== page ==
F.  whereas the Ethiopian authorities arbitrarily arrested a number of peaceful protesters, journalists and opposition party leaders in a brutal crackdown on protests in the Oromia Region; whereas those arrested are at risk of torture and other ill-treatment;

G.  whereas the government has labelled largely peaceful protesters as ‘terrorists’, applying the Anti-Terrorism Proclamation (Law No 652/2009) and deploying military forces against them;

H.  whereas on 23 December 2015 the authorities arrested Bekele Gerba, Deputy Chairman of the Oromo Federalist Congress (OFC), Oromia’s largest legally registered political party; whereas Mr Gerba was taken to prison and reportedly hospitalised shortly afterwards; whereas his whereabouts are now unknown;

I.  whereas other senior OFC leaders have been arbitrarily arrested in recent weeks or are said to be under virtual house arrest;

J.  whereas this is not the first time that Ethiopian security forces have been implicated in serious human rights violations in response to peaceful protests, and whereas it is known that the Ethiopian Government is systematically repressing freedom of expression and association and banning individuals from expressing dissent or opposition to government policies, thereby limiting the civil and political space, including by carrying out politically motivated prosecutions under the draconian anti-terrorism law, decimating independent media, dismantling substantial civil society activism and cracking down on opposition political parties;

K.  whereas in December 2015 leading activists such as Getachew Shiferaw (Editor-in-Chief of Negere Ethiopia ), Yonathan Teressa (an online activist) and Fikadu Mirkana (Oromia Radio and TV) were arbitrarily arrested, although they have yet to be charged by the Ethiopian authorities;

L.  whereas the Ethiopian Government imposes pervasive restrictions on independent civil society and media; whereas, according to the 2014 prison census conducted by the Committee to Protect Journalists (CPJ), Ethiopia was the fourth-worst jailer of journalists in the world, with at least 17 journalists behind bars, 57 media professionals having fled Ethiopia in the previous five years and a number of independent publications having shut down as a result of official pressure; whereas Ethiopia also ranked fourth on the CPJ’s 2015 list of the 10 most-censored countries;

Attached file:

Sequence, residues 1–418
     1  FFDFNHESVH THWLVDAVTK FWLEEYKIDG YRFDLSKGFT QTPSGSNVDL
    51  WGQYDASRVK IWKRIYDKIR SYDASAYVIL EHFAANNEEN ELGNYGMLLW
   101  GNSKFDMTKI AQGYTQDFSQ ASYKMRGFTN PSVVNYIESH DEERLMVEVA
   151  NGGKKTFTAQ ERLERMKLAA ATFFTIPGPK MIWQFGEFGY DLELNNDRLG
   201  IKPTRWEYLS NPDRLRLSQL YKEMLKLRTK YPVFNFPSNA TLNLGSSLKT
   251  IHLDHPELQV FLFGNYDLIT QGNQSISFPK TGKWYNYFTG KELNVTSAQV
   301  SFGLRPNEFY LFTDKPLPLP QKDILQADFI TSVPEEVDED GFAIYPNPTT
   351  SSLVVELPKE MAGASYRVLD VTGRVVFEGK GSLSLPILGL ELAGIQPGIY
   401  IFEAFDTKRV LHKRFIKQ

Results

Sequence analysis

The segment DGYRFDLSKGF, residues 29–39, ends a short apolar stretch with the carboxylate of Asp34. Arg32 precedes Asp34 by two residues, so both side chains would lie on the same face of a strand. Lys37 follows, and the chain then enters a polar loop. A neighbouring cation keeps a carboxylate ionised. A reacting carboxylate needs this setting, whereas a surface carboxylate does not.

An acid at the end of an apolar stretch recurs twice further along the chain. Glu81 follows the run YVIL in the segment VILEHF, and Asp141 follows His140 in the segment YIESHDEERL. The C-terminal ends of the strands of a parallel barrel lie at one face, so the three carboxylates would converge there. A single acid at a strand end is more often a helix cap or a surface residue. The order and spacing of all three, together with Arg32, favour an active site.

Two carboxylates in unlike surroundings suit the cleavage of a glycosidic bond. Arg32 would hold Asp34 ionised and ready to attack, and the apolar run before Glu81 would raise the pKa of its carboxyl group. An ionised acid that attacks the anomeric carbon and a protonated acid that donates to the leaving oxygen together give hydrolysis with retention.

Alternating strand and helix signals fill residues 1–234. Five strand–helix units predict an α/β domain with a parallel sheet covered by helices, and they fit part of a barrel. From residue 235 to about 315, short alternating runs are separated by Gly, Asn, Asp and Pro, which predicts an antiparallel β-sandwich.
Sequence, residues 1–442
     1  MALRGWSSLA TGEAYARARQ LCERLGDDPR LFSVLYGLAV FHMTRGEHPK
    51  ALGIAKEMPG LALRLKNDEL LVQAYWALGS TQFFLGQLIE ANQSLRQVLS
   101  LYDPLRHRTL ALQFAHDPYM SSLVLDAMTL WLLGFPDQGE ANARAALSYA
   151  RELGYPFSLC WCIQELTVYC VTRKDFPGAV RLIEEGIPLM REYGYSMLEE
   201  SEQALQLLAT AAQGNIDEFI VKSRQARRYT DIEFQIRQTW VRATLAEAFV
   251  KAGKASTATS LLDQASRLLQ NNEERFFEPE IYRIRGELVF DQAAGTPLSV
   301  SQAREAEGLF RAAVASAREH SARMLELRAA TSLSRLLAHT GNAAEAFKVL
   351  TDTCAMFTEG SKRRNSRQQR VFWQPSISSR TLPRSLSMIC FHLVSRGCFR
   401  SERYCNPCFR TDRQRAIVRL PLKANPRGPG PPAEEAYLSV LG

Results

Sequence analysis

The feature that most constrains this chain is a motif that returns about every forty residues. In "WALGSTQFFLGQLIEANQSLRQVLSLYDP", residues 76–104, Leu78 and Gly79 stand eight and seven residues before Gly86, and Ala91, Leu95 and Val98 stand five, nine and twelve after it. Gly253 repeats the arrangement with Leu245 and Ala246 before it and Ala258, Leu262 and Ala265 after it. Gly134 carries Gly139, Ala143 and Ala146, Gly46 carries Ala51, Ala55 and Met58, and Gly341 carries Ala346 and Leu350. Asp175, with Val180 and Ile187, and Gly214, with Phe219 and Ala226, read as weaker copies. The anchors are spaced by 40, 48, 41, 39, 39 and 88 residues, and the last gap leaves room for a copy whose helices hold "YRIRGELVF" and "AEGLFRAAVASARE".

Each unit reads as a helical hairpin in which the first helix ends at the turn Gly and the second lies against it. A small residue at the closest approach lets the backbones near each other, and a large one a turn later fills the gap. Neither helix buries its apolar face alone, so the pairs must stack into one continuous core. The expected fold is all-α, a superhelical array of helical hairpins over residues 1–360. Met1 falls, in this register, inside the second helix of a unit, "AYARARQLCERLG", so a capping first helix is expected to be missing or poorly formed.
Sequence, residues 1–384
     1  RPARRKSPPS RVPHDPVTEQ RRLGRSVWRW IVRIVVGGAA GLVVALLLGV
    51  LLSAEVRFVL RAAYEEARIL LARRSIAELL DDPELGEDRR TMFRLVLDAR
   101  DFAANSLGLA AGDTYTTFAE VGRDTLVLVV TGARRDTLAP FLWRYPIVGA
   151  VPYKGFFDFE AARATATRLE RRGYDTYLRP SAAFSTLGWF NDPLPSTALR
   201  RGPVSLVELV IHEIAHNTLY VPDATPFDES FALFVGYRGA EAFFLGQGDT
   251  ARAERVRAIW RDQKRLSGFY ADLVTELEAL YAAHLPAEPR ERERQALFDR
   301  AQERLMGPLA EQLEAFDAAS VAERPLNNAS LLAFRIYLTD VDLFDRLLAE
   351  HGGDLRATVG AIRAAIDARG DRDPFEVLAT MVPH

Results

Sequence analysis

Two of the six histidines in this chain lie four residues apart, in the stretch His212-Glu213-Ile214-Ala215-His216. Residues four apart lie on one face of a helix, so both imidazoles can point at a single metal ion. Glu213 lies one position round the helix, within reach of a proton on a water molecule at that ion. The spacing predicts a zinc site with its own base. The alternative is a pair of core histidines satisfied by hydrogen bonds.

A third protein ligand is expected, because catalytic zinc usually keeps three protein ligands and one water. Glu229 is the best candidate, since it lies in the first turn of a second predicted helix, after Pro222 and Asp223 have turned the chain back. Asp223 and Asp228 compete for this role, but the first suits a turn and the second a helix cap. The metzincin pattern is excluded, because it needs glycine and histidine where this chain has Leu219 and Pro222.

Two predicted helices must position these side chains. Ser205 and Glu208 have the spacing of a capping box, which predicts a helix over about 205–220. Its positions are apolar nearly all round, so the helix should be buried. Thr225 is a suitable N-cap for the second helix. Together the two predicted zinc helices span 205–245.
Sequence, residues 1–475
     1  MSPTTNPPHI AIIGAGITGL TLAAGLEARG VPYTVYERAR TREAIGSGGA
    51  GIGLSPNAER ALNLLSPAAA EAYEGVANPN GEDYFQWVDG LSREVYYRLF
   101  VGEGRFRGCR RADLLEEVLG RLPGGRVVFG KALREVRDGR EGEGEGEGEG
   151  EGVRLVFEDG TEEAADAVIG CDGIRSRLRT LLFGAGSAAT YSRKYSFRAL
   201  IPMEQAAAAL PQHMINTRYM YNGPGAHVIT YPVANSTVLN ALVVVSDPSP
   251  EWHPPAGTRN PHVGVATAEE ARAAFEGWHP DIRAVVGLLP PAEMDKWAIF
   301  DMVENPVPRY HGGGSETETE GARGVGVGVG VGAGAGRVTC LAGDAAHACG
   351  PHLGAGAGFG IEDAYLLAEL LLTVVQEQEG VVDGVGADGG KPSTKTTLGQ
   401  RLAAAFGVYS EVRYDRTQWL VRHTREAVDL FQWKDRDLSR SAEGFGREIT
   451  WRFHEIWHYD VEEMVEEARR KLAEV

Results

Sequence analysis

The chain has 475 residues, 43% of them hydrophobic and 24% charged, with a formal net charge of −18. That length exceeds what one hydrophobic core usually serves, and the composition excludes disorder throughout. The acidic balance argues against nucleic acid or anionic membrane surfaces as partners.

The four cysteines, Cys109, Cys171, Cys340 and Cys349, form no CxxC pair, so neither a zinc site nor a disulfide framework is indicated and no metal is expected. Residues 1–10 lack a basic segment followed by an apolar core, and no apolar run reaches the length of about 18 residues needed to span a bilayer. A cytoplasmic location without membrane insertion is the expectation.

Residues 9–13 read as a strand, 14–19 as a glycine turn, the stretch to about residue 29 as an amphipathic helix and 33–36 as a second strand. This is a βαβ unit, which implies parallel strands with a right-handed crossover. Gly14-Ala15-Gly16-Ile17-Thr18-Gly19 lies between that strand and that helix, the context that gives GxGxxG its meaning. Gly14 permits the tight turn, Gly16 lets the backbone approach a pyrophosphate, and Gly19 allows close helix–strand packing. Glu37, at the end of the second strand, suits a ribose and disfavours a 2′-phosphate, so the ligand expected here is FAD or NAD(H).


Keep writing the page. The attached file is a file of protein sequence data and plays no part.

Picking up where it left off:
M.  whereas numerous prisoners of conscience imprisoned in previous years solely on the basis of the legitimate exercise of their freedom of expression and opinion, including journalists and opposition political party members, remain in detention; whereas some of them have been convicted in unfair trials, some face ongoing trials and some continue to be detained without charge, including Eskinder Nega, Temesghen Desalegn, Solomon Kebede, Yesuf Getachew, Woubshet Taye, Saleh Edris and Tesfalidet Kidane;

N.  whereas Andargachew Tsege, a British-Ethiopian citizen and leader of an opposition party living in exile, was arrested in June 2014; whereas Mr Tsege had been condemned to death several years earlier in his absence, and has been on death row practically incommunicado since his arrest;

O.  whereas Ethiopia’s Charities and Societies Proclamation law requires organisations engaged in advocacy to generate 90 % of the funding for their activities from local sources, which has led to a decrease in action by civil society organisation (CSOs) and to the disappearance of many CSOs; whereas Ethiopia rejected recommendations to amend the Charities and Societies Proclamation and the Anti-Terrorism Proclamation, made by several countries during the examination of its rights record under the Human Rights Council Universal Periodic Review of May 2014;

P.  whereas the Ethiopian Government has de facto imposed a widespread blockade of the Ogaden region in Ethiopia, which is rich in oil and gas reserves; whereas attempts to work and report from the region by international media and humanitarian groups are seen as criminal acts punishable under the Anti-Terrorism Proclamation; whereas there are reports of war crimes and severe human rights violations perpetrated by the army and government paramilitary forces against the Ogaden population;